In this Nostromo: A Tale of The Seaboard, there are a ton of different types of foreigners running around. First, you have the foreign laborers like Nostromo, the men of the railway and dudes like Giorgio, who keeps the hotel. And then you have Charles and Decoud, who were born in Costaguana but a) spent a lot of time abroad and b) are of European extraction.
Then there's the indigenous population. Ah, you think: Cool! Locals! Nope, not in this book. The narrative treats the local indigenous population like they are the outsiders. With all these topsy-turvy perspectives on what it means to be native or foreign, it's no wonder Costaguana has mad political problems.
Questions About Foreignness and the "Other"
- What do you make of the way Conrad presents the indigenous ("Indian") population of Costaguana? How does that presentation compare to how "true Costaguaneros" like Gould and Decoud are portrayed?
- Prior to the events of the book, Costaguana had been colonized (and presumably named) by the Spanish. Yet, the Spanish population of Costaguana is treated as indigenous, whereas the latest influx of Europeans is described as foreign. What do you make of that? Is that inconsistent or is that just how the Colonialist cookie crumbles?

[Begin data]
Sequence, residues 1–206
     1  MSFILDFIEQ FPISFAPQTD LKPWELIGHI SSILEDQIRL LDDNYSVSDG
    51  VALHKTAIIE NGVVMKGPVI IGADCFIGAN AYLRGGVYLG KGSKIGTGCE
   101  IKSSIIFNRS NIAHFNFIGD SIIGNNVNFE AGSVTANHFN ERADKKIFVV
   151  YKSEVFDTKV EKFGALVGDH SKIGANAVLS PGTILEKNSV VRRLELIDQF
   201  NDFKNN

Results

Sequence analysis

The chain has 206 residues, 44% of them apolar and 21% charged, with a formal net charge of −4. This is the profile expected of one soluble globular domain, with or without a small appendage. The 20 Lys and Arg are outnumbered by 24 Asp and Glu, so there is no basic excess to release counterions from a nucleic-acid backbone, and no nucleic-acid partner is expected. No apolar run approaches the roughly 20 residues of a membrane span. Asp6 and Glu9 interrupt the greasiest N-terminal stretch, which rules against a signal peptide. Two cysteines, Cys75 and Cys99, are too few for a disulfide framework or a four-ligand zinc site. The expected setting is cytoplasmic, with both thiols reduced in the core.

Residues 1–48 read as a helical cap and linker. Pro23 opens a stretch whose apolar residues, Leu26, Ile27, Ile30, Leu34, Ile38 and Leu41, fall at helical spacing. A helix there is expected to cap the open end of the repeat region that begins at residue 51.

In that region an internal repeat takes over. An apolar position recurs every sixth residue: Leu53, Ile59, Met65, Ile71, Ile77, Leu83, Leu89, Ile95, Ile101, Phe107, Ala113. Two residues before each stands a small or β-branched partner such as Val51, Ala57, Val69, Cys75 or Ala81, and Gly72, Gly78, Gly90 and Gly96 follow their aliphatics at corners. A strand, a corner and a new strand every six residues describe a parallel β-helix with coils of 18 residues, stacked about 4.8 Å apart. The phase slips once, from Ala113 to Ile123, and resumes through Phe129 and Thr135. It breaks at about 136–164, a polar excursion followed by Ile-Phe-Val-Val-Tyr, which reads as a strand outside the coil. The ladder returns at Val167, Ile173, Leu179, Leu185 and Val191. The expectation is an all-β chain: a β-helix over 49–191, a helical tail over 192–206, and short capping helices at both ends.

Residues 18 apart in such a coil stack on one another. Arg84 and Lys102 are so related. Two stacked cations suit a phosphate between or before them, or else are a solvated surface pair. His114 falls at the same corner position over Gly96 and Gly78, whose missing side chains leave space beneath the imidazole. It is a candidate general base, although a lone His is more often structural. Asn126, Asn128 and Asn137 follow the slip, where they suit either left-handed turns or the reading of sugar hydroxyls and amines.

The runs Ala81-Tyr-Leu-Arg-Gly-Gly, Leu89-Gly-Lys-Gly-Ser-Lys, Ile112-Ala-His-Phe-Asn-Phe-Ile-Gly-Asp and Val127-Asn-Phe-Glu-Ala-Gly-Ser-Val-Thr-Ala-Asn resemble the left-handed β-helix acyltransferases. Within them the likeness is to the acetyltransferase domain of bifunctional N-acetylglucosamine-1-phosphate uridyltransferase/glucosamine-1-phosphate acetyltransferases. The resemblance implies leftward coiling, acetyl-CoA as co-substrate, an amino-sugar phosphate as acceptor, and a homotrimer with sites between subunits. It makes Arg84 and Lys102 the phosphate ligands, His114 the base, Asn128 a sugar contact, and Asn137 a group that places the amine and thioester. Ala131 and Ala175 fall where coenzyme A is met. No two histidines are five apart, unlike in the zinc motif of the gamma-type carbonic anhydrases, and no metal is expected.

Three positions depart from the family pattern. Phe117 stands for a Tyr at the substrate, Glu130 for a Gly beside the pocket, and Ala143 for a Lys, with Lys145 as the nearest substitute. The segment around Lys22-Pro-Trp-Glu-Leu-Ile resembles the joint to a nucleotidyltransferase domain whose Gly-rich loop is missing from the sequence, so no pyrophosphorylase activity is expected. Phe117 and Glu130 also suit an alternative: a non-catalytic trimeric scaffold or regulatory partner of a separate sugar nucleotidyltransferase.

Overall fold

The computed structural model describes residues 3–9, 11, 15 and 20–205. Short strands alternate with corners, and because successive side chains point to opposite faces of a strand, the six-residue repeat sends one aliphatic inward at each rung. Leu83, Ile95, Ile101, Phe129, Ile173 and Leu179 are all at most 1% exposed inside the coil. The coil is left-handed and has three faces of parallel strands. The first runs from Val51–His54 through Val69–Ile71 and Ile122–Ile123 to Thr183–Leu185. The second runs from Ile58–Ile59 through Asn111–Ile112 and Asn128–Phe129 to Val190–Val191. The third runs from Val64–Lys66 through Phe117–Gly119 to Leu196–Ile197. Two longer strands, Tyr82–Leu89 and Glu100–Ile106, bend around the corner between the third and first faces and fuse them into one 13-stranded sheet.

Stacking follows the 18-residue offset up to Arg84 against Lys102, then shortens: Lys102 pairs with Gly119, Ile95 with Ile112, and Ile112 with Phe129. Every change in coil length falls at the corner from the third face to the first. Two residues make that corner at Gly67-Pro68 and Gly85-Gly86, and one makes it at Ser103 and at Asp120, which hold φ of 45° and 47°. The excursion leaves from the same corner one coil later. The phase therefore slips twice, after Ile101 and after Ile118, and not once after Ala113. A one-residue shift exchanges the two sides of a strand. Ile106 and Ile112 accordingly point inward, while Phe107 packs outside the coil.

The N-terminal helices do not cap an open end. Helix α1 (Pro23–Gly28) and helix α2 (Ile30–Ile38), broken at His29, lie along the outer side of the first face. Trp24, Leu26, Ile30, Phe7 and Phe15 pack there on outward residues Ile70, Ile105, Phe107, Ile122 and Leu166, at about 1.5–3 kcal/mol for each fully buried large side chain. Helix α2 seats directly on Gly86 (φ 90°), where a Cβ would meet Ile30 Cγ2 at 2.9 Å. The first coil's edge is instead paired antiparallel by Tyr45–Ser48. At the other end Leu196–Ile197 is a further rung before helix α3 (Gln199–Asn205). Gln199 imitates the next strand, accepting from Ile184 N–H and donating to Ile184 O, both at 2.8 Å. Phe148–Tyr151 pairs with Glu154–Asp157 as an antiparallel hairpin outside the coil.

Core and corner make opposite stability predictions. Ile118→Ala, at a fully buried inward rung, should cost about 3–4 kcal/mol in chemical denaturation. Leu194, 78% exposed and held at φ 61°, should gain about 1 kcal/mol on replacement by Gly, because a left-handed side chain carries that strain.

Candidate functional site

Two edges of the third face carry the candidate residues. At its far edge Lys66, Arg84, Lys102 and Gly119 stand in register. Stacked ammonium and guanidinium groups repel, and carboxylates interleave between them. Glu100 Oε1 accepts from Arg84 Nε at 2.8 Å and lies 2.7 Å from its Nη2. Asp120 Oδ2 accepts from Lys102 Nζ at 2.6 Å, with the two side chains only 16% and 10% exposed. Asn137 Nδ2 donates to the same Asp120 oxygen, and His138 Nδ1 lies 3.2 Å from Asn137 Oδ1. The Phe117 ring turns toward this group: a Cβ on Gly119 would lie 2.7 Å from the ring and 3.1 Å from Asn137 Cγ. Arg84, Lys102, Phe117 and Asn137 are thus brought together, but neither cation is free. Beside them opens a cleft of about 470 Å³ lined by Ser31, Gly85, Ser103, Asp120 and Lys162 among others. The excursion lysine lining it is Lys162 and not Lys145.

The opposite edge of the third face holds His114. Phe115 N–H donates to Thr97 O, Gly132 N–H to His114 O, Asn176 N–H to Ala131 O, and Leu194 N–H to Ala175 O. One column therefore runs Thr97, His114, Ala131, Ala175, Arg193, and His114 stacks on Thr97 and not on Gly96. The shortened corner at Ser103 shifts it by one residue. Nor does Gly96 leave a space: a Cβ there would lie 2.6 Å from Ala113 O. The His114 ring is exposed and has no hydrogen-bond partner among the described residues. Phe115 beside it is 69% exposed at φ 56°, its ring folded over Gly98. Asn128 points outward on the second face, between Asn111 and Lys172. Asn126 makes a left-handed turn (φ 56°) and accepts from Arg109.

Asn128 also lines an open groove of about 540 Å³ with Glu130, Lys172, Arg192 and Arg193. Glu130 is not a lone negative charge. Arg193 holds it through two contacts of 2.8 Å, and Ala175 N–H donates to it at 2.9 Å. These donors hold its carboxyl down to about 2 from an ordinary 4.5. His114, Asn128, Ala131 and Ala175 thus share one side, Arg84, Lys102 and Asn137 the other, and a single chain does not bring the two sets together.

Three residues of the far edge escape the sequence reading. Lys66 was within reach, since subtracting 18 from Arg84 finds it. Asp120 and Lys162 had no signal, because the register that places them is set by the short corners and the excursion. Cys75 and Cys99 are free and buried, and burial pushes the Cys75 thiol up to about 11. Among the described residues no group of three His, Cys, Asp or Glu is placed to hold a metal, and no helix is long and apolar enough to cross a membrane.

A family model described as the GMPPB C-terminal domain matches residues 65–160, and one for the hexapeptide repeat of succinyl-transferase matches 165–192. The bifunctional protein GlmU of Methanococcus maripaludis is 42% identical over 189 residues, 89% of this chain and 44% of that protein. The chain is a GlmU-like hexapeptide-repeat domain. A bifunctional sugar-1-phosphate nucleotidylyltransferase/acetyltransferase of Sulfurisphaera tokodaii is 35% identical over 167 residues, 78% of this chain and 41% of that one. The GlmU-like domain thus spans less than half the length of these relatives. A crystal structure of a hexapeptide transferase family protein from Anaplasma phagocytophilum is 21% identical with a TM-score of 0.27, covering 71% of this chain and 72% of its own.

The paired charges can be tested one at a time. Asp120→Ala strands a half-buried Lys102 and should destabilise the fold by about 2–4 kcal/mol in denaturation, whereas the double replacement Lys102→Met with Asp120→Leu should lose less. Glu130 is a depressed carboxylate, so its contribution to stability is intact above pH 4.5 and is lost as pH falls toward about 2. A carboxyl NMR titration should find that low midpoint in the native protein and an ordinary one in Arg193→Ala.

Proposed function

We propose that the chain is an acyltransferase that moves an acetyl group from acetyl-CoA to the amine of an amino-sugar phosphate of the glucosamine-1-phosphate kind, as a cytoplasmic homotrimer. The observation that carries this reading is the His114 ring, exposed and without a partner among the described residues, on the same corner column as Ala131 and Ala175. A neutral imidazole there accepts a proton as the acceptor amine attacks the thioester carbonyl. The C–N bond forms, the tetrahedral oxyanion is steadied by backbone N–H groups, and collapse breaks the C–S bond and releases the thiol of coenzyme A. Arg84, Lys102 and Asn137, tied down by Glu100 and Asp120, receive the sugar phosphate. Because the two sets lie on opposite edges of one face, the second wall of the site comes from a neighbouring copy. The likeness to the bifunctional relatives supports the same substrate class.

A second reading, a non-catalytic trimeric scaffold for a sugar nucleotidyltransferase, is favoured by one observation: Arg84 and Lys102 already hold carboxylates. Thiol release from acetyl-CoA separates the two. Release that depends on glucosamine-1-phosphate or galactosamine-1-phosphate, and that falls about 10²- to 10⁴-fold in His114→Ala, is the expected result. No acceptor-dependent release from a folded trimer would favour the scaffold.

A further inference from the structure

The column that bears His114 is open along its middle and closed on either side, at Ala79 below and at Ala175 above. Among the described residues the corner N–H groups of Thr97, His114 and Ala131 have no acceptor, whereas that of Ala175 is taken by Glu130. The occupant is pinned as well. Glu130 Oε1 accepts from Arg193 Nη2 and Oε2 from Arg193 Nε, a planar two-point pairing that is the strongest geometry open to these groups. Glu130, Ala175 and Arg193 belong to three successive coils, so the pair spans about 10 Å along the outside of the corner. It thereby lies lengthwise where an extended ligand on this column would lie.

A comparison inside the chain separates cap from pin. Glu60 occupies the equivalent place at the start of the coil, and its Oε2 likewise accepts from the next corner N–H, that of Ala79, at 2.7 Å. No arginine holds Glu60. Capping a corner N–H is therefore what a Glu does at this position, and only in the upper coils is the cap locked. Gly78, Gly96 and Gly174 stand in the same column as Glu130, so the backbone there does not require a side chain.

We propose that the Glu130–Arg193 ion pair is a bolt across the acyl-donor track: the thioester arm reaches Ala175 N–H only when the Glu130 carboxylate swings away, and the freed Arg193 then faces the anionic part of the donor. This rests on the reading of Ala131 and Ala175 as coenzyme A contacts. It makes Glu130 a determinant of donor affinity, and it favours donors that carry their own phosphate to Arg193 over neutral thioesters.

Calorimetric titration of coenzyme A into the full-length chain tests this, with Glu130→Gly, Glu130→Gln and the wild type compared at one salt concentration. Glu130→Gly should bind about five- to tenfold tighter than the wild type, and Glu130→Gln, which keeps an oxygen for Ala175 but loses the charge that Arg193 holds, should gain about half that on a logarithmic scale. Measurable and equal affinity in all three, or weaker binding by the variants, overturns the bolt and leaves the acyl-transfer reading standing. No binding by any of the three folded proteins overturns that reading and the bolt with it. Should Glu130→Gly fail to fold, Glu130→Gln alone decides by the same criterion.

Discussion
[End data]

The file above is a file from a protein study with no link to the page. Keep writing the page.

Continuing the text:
- The indigenous population of Costaguana is portrayed as somehow more foreign or strange than the European conquerors. Do you find this problematic/offensive, or is it just a powerful way for Conrad to portray the way these Europeans see the indigenous population?
Chew on This
Nostromo portrays the indigenous population of Costaguana as mute and foreign to highlight the crummy attitude that several characters hold toward these individuals.
By making the indigenous population of Costaguana seem mute and foreign, Nostromo falls into the same trap as Heart of Darkness. Symbolism is all well and good, but you can't just turn indigenous peoples into a voiceless "other" for your own artistic purposes. Well, you can, just not without being super problematic… and not without ticking off Chinua Achebe.